Desegregation remains an issue in many US schools

As Democratic presidential candidates debate the federal government's role racially integrating public schools, federal intervention and court-ordered desegregation live on in one Mississippi Delta town

CLEVELAND, Miss. -- The small Mississippi Delta town of Cleveland serves as a reminder that fierce debates over the integration of black and white students are not a thing of the past.

Two rival high schools in Cleveland had to be merged just two years ago after a judge determined that all-black student bodies in the town of 12,000 people were illegal vestiges of segregation. It is one of scores of school districts around the U.S. still facing federal desegregation mandates.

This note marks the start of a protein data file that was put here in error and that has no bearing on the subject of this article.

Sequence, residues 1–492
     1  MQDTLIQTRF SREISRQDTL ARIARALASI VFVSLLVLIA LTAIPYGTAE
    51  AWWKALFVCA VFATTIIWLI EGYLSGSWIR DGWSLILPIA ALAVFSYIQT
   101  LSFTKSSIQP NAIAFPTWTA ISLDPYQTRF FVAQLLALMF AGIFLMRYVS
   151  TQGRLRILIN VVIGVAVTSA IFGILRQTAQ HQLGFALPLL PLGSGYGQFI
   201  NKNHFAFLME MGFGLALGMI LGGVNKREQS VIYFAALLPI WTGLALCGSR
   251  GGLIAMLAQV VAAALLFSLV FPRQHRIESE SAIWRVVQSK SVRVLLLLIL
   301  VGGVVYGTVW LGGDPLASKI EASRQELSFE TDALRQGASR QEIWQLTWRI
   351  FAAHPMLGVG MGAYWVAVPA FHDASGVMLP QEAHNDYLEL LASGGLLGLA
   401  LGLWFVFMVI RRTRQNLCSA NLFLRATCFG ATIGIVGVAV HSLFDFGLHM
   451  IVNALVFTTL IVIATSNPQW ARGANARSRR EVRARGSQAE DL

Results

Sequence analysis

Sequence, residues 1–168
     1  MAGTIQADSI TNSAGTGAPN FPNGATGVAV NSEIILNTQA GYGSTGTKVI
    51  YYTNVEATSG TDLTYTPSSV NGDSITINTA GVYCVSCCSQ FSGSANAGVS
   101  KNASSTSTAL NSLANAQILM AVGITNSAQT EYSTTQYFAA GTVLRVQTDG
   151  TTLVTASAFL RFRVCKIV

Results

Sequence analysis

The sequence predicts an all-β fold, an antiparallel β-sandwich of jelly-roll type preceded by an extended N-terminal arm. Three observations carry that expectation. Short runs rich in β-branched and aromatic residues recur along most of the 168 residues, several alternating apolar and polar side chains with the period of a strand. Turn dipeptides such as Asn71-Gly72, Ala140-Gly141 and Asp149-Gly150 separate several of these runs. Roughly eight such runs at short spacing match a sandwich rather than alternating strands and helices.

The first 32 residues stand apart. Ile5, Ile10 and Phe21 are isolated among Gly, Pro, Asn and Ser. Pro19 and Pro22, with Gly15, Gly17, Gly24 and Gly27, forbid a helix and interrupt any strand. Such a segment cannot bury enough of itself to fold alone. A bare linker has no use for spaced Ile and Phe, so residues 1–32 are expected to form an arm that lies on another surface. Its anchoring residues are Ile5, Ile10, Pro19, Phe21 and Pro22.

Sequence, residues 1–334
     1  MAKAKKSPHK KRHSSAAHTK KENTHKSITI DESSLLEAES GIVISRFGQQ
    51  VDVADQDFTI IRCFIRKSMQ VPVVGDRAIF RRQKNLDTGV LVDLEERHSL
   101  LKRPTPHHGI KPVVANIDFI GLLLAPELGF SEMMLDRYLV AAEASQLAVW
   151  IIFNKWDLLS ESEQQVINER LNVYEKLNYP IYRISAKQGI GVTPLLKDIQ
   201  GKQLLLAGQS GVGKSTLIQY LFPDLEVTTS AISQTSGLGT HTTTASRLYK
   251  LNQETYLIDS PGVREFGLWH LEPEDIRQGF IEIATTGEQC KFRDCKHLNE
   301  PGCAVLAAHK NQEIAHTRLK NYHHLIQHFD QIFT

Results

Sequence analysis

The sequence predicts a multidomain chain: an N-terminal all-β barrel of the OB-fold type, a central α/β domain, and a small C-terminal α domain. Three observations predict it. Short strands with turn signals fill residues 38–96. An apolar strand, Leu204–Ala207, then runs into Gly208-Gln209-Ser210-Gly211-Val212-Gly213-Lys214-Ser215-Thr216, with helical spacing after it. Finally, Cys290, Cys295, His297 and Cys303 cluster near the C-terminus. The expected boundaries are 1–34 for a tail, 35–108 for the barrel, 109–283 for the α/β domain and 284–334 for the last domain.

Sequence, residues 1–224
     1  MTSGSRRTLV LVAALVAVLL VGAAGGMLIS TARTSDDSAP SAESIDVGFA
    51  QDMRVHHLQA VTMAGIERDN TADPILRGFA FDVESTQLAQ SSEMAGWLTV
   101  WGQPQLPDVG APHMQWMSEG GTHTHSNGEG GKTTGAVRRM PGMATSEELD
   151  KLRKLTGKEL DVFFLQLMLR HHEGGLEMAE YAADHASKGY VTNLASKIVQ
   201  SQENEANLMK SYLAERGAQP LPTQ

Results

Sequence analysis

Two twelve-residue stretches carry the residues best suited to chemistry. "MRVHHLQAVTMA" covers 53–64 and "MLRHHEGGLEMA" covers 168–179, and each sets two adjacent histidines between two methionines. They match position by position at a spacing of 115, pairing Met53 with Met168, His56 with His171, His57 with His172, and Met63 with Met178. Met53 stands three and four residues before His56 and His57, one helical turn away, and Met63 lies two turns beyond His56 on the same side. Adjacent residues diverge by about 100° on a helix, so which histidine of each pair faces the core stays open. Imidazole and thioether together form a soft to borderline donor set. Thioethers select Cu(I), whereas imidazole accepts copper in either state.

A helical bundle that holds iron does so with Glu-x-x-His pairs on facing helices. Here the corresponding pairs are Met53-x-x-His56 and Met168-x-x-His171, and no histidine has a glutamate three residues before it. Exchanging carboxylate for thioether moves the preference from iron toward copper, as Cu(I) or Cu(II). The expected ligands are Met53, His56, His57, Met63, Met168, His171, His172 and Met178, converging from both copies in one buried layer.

The federal government's role in integrating schools came into the national spotlight following an exchange during the Democratic presidential debate between Joe Biden and Sen. Kamala Harris. The former vice president was attacked for his work in the 1970s to oppose federally-ordered busing to achieve a racial balance in schools.